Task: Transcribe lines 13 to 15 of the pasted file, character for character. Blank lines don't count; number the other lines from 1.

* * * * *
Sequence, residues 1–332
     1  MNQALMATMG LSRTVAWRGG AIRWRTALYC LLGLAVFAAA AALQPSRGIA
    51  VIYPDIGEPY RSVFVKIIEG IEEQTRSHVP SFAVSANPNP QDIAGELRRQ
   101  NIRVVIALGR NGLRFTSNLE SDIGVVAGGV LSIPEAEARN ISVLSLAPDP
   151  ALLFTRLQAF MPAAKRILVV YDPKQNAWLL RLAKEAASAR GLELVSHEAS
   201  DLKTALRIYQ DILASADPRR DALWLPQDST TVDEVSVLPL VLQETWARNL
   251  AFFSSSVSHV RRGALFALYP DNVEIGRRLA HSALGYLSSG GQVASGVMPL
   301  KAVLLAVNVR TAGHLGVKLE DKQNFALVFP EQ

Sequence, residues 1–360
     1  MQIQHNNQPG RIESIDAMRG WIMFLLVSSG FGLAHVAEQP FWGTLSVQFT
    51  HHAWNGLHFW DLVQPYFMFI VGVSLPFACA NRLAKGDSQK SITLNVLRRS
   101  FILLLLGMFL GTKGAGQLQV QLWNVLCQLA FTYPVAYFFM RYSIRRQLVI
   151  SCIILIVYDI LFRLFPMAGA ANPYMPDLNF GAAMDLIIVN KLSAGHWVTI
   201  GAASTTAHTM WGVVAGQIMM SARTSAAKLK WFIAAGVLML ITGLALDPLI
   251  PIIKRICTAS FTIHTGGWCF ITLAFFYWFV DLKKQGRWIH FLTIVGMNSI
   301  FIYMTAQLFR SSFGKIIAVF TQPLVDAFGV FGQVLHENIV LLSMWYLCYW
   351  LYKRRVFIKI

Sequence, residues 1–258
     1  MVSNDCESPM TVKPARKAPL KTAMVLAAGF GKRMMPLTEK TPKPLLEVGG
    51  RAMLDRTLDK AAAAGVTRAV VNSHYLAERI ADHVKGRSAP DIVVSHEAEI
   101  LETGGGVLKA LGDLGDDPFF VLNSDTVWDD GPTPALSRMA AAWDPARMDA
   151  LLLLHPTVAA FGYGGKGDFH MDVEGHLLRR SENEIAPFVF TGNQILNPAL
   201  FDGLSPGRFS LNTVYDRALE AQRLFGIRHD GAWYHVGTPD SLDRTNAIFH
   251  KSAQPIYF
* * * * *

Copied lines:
   151  SCIILIVYDI LFRLFPMAGA ANPYMPDLNF GAAMDLIIVN KLSAGHWVTI
   201  GAASTTAHTM WGVVAGQIMM SARTSAAKLK WFIAAGVLML ITGLALDPLI
   251  PIIKRICTAS FTIHTGGWCF ITLAFFYWFV DLKKQGRWIH FLTIVGMNSI